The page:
Your eBlast featured links to request and to pre-order. What was the thinking behind this?
We ran the eBlast for The Thursday Murder Club in July, following lots of buzz and excitement for the title online (film news and lots of endorsements from respected authors) so we suspected that there would be some NetGalley members who would want to order a physical copy as well as request to read a digital version. We therefore linked to the Waterstones special edition, which also allowed us to support an important retailer.
To entice NetGalley members to request the book, we used a creative that highlighted the numerous, amazing endorsements from big-name, well-respected authors, which highlighted its quality and portrayed our confidence.
How did you go about managing requests for such a popular title?
After our dedicated eBlast, we received 1,064 requests to read the book in under 24 hours, which was greater than we could have hoped for! We wanted the novel to be widely available to all bloggers and reviewers, as previously stated, but in order to manage such demand for a title, we raised our usual benchmarks for approval, granting access to those who had a higher feedback percentage. For those whose requests were therefore declined, we created a sampler of the first few chapters and included a link to this in our Decline Email.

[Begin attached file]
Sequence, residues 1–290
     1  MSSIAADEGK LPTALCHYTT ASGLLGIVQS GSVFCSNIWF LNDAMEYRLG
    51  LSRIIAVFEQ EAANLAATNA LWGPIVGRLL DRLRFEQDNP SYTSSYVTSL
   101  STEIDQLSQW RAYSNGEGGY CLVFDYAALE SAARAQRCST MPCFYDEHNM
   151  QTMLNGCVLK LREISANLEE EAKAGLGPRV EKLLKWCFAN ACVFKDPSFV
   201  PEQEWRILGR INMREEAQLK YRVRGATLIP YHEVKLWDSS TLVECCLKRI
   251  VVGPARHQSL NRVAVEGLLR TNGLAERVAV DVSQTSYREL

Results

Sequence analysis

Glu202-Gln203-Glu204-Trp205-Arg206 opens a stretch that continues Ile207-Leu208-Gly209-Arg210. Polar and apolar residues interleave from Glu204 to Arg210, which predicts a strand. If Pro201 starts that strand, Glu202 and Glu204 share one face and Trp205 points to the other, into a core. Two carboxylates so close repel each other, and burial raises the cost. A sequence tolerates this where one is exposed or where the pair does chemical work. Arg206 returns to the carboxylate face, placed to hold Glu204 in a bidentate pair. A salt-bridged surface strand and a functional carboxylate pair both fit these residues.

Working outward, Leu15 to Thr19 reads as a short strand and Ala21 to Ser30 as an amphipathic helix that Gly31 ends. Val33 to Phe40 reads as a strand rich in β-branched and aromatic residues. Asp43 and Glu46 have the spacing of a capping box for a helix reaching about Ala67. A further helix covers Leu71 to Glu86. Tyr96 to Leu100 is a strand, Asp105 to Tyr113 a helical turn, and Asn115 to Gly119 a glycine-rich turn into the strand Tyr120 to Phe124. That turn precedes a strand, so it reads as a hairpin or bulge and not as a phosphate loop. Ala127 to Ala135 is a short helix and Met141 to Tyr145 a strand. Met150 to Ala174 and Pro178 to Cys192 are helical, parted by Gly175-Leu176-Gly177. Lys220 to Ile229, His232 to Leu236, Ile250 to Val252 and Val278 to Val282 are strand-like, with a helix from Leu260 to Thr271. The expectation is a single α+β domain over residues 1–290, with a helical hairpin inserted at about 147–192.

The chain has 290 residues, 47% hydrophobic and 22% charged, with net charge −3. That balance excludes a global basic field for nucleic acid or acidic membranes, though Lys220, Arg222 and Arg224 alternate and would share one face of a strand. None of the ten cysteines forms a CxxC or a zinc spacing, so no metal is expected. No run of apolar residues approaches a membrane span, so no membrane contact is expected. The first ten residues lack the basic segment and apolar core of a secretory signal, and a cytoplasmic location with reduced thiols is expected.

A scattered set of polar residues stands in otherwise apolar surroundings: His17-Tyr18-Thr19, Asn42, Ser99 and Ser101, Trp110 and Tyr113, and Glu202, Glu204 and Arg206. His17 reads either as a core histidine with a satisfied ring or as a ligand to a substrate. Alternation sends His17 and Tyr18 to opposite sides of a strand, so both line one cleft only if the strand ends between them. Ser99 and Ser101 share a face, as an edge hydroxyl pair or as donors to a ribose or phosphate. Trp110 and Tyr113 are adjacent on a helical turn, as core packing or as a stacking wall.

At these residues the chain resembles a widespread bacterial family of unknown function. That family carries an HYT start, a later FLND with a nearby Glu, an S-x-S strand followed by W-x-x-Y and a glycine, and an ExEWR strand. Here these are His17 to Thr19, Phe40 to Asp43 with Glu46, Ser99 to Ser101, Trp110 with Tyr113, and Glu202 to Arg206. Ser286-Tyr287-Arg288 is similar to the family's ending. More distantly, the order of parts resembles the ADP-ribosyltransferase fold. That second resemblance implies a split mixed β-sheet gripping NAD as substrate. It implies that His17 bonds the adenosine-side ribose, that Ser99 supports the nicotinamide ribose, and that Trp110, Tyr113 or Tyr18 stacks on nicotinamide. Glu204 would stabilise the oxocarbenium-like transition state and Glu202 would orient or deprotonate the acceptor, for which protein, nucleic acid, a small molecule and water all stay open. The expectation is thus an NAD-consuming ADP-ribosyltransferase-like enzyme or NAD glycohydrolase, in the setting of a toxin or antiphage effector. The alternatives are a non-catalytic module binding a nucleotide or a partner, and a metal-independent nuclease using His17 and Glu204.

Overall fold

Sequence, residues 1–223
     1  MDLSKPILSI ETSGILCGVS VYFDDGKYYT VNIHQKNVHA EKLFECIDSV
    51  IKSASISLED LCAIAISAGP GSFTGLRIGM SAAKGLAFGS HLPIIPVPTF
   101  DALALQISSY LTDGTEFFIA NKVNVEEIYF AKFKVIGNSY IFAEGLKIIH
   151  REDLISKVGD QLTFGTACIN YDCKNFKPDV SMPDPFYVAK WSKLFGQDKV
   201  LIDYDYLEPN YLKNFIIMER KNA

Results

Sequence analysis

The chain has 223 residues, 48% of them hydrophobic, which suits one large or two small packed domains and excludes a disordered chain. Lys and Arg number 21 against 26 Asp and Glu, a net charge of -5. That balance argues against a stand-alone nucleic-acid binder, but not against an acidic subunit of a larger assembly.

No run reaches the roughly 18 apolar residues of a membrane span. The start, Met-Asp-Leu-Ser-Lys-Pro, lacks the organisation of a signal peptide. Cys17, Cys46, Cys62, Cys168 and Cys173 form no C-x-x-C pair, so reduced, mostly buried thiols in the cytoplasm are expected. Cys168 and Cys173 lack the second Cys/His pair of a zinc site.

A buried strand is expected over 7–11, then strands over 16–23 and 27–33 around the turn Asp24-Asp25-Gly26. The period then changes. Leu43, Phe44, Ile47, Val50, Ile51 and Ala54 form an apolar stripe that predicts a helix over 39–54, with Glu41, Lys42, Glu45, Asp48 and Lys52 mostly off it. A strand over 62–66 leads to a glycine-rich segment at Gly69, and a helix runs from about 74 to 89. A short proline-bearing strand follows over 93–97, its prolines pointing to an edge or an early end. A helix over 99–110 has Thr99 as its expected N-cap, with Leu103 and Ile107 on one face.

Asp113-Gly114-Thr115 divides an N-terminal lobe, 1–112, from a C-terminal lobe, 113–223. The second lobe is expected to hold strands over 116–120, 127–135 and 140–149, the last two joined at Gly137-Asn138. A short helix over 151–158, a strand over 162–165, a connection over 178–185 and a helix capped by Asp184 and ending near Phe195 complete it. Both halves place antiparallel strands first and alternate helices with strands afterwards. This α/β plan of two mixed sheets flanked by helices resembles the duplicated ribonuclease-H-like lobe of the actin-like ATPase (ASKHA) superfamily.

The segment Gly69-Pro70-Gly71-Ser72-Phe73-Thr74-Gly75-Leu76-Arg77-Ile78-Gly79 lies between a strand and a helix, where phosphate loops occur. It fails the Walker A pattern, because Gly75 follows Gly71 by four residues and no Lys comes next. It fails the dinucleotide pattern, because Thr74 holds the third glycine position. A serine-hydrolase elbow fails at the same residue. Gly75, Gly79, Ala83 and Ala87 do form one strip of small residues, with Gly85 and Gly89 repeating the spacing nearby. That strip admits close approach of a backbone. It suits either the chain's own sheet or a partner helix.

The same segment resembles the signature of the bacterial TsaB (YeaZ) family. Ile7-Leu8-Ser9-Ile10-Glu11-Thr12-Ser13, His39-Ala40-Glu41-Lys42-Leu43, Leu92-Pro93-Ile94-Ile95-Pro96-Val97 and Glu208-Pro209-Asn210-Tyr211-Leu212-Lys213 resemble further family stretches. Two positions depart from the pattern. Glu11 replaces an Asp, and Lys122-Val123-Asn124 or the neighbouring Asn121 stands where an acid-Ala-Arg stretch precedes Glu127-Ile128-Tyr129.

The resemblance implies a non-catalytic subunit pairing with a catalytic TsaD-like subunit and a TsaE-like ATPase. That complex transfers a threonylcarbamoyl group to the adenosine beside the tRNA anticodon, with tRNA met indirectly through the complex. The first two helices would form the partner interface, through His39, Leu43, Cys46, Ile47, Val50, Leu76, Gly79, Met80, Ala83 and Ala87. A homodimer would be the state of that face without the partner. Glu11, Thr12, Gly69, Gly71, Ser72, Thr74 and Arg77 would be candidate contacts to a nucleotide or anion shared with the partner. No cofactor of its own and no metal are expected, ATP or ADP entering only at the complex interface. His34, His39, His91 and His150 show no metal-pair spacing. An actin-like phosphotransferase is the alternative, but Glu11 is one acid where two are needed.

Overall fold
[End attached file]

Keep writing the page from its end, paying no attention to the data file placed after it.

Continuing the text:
Which NetGalley reports or analytics are most important to you and your team? How do you use them?
Ellie and I work on commercial fiction at Viking, Penguin General, so NetGalley is always a key tool in our campaigns. Reader reviews are incredibly important to us and the reach of the NetGalley platform allows us to engage with the wider book blogging community.
Reviews on NetGalley can often shape how we are positioning a title and in some cases, very early feedback has even prompted us to tweak the content of the book if there is a particular scene/plot point that readers are struggling with. The wider analytics are also helpful and we monitor them frequently, but we find that taking the time to read the reviews – good and bad – is most valuable. We gain a greater understanding of how consumers are responding to elements, which can then be utilised in our messaging, and we frequently use them as a gage of how successful we think the overall campaign will be.
Georgia Taylor is a Senior Campaigns Manager at Penguin General, delivering marketing strategies and campaigns for commercial fiction brands such as Richard Osman, Cara Hunter, Josie Silver, Tana French and more. In her spare time she writes and manages a bookish YouTube channel called Rose Reads.
Ellie Hudson is a Campaigns Officer at Penguin General, creating and implementing buzz-building marketing campaigns for debut and established authors including Richard Osman, Cara Hunter, Jane Corry, Lizzy Dent and more. In her spare time, she shares her love of books on her Bookstagram page @Ellie.is.reading.
Interviews have been edited for clarity and length. Read the rest of the NetGalley case studies here!